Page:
And although there may be legal issues associated with it, some attackers will take a domain name similar to one company and redirect all of that traffic to the competitor of that company. It’s probably more common though for an attacker to try to use this as a phishing opportunity. They can get people to visit that site and think they’re on the legitimate site. They may be able to gain personal information or login credentials. And if you can get someone to visit a site, you may be able to then download something into their browser and perform some type of malicious software installation– all because they visited an incorrect URL.

There are a number of different ways an attacker might be able to use this difference in your URL to their advantage. One way is to take advantage of maybe bad spelling. A domain like professormesser.com has many opportunities for misspellings, and an attacker might buy multiple domain names in the hopes that someone might type it in incorrectly and visit their website instead.

Some of these might be very obvious. For example, the legitimate professormesser.com can be easily misspelled professormessor.com with an “or” at the end. These look very similar to each other, but someone who’s typing in the second URL may not be visiting a legitimate site. An attacker may try to take advantage of people not spelling things properly when they’re typing it in. If an attacker purchases professormeser.com with one “s” instead of two, they may be counting on someone not typing it in correctly into the address bar of their browser.

And depending on what their purpose was, they could try a different phrasing of the domain name to be something relatively close like professormessers.com. And if you weren’t paying a lot of attention to the domain itself, you could probably find professormesser.org or some other top-level domain and use that instead of the legitimate professormesser.com.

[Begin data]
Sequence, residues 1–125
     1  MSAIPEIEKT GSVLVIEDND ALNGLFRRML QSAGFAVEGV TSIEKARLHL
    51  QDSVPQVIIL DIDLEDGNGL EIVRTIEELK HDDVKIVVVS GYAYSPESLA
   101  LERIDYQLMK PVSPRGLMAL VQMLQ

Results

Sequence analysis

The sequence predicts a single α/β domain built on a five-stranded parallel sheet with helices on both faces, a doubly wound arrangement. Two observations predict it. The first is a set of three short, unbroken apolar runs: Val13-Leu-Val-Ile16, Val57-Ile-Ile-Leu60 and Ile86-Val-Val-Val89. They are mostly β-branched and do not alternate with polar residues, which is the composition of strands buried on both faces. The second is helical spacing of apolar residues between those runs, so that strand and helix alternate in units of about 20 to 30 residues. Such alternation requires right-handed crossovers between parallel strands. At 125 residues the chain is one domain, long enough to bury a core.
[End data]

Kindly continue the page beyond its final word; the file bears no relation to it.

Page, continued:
Companies have to be very careful with the reputation associated with their email and web services. Email reputation is determined on the type of email that is being sent from an organization and what the users are clicking in their mail clients. If many people start clicking that a particular type of email sent from a company is spam, that will affect the reputation and the ability for that company to send mail to others.

A good example of this reputation problem is if a company might be infected with malware that sends spam using the company’s email server. Users will receive that spam message and they will click that button inside of their mail client that says, “This is spam.” As companies begin receiving more and more reports from their users that you’re sending spam, they will start limiting or restricting your ability to send any emails to their users.

There are many websites that can check and constantly monitor the reputation of your email IP address so that you can stop any of these problems before they become a significant issue. Not only do you have to be aware of the reputation of your email servers, you also have to be aware of the reputation of your web servers. If an attacker was to put malware onto a web server, that web server will be indexed by the major search engines and those search engines will identify the malware that’s on your server. Then any time anyone visits your website, they will get a message that says the site ahead contains malware with a big red message warning them that the site they are visiting is not safe.

This will obviously be a significant problem if you have sales from this website and users will avoid your brand and your overall reputation will suffer. Once you’ve been indexed with this malware on your website, most of the damage is now done. Even if you remove it quickly, it’s going to take some time to be re-indexed by the search engines and then finally have these messages removed from your domain name.